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Opinion | State of the State Cliffs Notes

Here are 392 words in place of thousands.

Governor Kay Ivey delivered the annual State of the State January 11, 2022 in Montgomery, Ala. (Governor’s Office/Billy Pope)

So, what can be read in five minutes in a column that was said in a 30-minute, seven-page speech – the State of the State Address given by the governor? Here is my Cliffs Notes version. For those who never used them before, it is a short, condensed version of a much longer book or in this case, speech. Here are 392 words in place of thousands.

Alabama has a lot of money right now, but it’s not permanent. The governor and Legislature will use it to continue to face the corrections problem, work on roads and bridges, expand broadband, enhance our port, assist our healthcare facilities and improve our water and sewer infrastructure.

Alabama’s economy is “rock solid.” New jobs and new businesses have come here in the past four years in record numbers. Our tourism numbers are up to an all-time high. We have one of the nation’s lowest unemployment rates.

State employees and teachers will receive a well-deserved 4 percent pay raise. Retired state employees will receive a bonus.

Our governor and Legislature have fought against federal mandates.

Approximately $12 million will be committed to mental health care with Gov. Ivey, doing more than any governor since Lurleen B. Wallace. Two million dollars will be spent on mental health crisis centers.

Rebuild Alabama will make it possible to expand Alabama’s Deepwater Port in Mobile where exports are up 25%.

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The governor’s budget proposal will “fully fund our rainy-day accounts, pay down our debts and make robust investments . . .”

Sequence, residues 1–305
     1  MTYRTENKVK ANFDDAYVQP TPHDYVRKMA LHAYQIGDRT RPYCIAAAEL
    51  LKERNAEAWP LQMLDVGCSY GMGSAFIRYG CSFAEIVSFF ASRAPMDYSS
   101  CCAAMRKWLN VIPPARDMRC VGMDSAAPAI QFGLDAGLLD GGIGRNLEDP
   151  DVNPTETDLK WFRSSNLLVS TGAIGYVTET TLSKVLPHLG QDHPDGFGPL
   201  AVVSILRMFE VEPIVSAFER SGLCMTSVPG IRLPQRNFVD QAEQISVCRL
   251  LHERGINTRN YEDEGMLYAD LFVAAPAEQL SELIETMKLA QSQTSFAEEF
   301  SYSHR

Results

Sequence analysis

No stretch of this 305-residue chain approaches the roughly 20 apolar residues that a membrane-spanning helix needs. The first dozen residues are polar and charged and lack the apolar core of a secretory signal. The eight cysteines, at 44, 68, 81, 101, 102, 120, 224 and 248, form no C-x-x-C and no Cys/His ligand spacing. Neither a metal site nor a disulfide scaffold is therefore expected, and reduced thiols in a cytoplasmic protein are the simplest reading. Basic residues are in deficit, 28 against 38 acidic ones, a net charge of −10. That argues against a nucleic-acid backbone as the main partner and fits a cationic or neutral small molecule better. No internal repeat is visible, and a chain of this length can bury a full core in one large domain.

Our “single, most-important issue here in Alabama and in our nation is our children’s education.” There will be after school programs started to teach core curriculum – reading, writing and math. A math task force will be established to get our third graders up to par in math. We will recruit more third-grade teachers and work on retention. We will “no longer accept failing elementary schools in Alabama.” There will be grants for failing elementary schools, and we will confront the COVID challenges to our education system.

The governor has done an excellent job and held true to her campaign promises. She continues to strive to make Alabama a better place to live and work. This is a condensed version of the State of the State. I hope you enjoyed the Cliffs Notes.

Beth Chapman is the former Alabama state auditor and 51st secretary of state. She now owns and operates Beth Chapman & Associates LLC. She can be reached at [email protected]

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